Body language expert weighs in on Macron's charm offensive
Macron’s charm offensive! French President’s affectionate display with King Charles and Queen Camilla signals ‘underlying power’, body language expert claims
- Judi James analysed the body language of the President of France in Versailles
- READ MORE: A fashion power duo! Brigitte Macron helps Queen Camilla adjust her cape ahead of State Banquet at the Palace of Versailles – as the pair dazzle in navy Dior gowns
King Charles and Queen Camilla put on a friendly display with their hosts Emmanuel Macron and his wife Brigitte in Versailles at the State Banquet – but according to a body language expert, there may be signs of an underlying power play.
Judi James told FEMAIL that the French President’s affectionate gestures towards the King and Queen as he hosts them in his home country actually showed he was the driving force in their relationship as a bid for power may have emerged.
The body language expert said that the foursome engaged in ‘industrial-strength displays’ of ‘camaraderie’ with their body language during the four-course dinner.
As President Macron carried out his charm offensive on the British royal couple, Judi suggested there was an ‘underlying power’ on display from ‘subliminal signals’.
While she admits there is no doubt the couples share an ‘intimate friendship’, Macron’s body language throughout the evening may have been a bid to show ‘who is really in charge’.
Body language expert Judi James told FEMAIL President Macron showed a ‘mutual affection’ towards the King and Queen during the State Banquet last night
Ms James said: ‘Macron’s very tactile body language and beaming smiles of what looked like pride towards the King suggested he was hosting elderly parents around his manor.
‘The head tilts and beaming smiles with lifted and rounded cheeks as the couples clinked glasses in a toast registered nothing but mutual affection and, as intentional gestures, i.e. a headline display to the world, Macron was all about friendship and warm hosting. ‘
As the couples arrived on the red carpet at the Palace of Versailles, Ms James noted the greetings President Macron gave to both the King and Queen.
‘It is possible that Macron’s patting of Charles and his kissing of Camilla’s hand served a dual purpose in terms of suggesting he is the real power-broker?
The French President greeted the King with a handshake and a pat on the hand as he arrved in Versailles
President Macron greeted Queen Camilla with a kiss on the hand, which Ms James argued could be off-putting for a modern woman
‘Patting is a gesture of affection but done like this it is parental-style affection, gently steering, rewarding and reassuring the person being patted.
‘A thumping pat might be more confrontational and suggest a battle between equals but this non-reciprocal back-patting tends to be used in politics around the world to suggest some form of superiority.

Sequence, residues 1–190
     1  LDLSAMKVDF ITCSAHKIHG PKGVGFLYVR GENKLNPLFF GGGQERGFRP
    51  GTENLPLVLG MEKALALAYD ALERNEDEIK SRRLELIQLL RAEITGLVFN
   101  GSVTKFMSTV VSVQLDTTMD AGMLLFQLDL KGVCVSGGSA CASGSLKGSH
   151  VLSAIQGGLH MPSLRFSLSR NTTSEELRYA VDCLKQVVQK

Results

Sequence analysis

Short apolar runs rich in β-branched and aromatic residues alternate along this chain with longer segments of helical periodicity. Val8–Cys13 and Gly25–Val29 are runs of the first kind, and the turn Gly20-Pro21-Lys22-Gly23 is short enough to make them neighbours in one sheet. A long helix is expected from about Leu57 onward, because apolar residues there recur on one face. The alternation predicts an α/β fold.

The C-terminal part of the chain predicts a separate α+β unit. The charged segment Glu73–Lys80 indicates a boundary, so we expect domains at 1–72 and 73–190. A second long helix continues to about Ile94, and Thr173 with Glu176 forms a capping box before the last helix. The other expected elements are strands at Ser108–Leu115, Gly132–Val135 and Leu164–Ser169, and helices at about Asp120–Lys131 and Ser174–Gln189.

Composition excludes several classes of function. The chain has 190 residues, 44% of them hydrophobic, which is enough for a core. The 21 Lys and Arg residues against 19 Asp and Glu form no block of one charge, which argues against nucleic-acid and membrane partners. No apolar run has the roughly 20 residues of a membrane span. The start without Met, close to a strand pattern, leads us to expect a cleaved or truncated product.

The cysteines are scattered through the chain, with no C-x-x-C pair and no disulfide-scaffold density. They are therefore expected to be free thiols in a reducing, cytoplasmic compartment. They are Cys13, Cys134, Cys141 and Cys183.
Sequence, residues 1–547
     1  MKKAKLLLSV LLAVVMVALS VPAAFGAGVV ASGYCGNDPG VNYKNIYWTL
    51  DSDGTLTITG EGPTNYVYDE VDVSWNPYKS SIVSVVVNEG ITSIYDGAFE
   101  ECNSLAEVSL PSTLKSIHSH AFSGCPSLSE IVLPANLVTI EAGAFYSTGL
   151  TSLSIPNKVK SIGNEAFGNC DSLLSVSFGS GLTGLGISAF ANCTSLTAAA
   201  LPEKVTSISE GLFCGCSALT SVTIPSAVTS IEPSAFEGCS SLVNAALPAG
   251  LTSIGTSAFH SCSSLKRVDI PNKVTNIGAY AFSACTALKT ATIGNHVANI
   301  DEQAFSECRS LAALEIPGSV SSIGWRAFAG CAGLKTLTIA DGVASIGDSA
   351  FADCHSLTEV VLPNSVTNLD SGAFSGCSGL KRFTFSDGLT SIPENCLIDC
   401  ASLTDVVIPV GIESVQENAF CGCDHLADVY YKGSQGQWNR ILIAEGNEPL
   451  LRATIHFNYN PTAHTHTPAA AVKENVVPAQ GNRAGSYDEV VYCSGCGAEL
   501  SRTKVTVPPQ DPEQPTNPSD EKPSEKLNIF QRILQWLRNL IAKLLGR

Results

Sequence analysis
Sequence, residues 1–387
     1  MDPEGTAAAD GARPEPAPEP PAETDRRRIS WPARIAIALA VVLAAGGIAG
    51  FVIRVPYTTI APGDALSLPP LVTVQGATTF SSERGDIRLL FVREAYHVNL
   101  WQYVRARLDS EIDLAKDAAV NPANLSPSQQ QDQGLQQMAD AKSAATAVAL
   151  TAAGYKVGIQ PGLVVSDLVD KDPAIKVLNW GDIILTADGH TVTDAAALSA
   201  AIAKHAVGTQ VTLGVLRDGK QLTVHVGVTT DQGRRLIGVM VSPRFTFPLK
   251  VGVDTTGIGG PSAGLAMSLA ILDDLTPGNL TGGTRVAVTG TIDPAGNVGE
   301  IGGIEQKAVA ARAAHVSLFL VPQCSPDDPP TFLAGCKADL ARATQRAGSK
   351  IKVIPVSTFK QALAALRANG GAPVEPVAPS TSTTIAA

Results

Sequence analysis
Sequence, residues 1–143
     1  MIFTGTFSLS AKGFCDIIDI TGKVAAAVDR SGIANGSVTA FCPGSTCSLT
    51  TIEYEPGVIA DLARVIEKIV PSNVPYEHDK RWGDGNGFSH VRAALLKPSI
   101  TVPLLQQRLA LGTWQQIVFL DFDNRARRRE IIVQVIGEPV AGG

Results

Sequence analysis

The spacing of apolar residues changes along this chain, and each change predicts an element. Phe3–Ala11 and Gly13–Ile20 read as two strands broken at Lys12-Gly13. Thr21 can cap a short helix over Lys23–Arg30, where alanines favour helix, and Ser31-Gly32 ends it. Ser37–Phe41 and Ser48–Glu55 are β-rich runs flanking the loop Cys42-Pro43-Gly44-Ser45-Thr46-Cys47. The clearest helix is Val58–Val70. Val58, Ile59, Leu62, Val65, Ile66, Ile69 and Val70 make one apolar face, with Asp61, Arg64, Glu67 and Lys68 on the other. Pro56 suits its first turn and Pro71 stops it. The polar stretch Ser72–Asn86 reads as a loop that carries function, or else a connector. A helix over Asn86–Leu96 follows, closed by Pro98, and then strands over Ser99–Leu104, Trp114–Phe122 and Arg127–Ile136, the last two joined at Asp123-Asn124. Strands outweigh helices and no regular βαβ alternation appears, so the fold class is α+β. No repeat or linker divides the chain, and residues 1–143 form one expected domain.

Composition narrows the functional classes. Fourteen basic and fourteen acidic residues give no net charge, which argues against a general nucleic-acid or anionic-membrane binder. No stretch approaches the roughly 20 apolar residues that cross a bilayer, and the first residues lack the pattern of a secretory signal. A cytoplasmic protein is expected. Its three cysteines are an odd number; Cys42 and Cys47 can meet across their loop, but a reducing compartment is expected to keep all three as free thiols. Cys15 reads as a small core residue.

‘Even factoring in cultural differences, Macron’s patting of Charles was enthusiastic. You can argue that his kissing of the back of Camilla’s hand was just ‘being French’ but this Jurassic ritual has generally been replaced by the handshake in France, except by Macron who even planted his lips on the back of Melania Trump’s hand too.
‘Macron shares his passion for the hand kiss with Charles but as a gesture it puts the modern woman at a disadvantage, left with the option of giggling in embarrassment or accepting the kiss like some ancient Grande Dame.’
Ms James also noted a tender moment between Brigitte Macron and Queen Camilla in which the French First Lady adjusted the Queen’s statement cape on her navy Dior gown, before they headed into the Hall of Mirrors to dine.
As Brigitte also opted for a navy Dior gown, the pair coordinated their evening outfits – although their dresses were different enough not to amount to a full twinning effect.
Much like Brigitte’s sheer sleeve on her long Dior dress with bejewelled collar, Camilla’s cape allowed a flattering flash of flesh without revealing too much. And the cape’s trailing tails provided the drama befitting a new monarch.
Inside the Hall of Mirrors, the President clinked glasses with the royal couple and engaged in animated conversation throughout the evening.
Ms James noted this shows there is obviously a close friendship between the King and Queen and the Macrons.
‘There are so may signals of close and even intimate friendship between the two couples, that Charles’s crinkled smiles and shared laughter or chuckling responses seemed to rubber stamp as authentic, but those steering pats and touches could also be Macron’s way of silently signalling who is really in charge,’ she said.
As the King and Queen touched down in Paris on Wednesday afternoon, Ms James said Charles and President Macron showed an ‘unexpected closeness’ which went beyond ‘regular small talk’.
‘There was an unexpectedly potent air on bonhomie from these two men as they met, despite the fact they might actually have very little in common,’ she said.
‘Their greeting rituals involved some close, head-to-head eye contact, chuckling and authentic smiles and Charles in particular spent much longer chatting intimately to Macron, suggesting their greeting conversations went far beyond the stages of the usual royal small-talk,’ she added.
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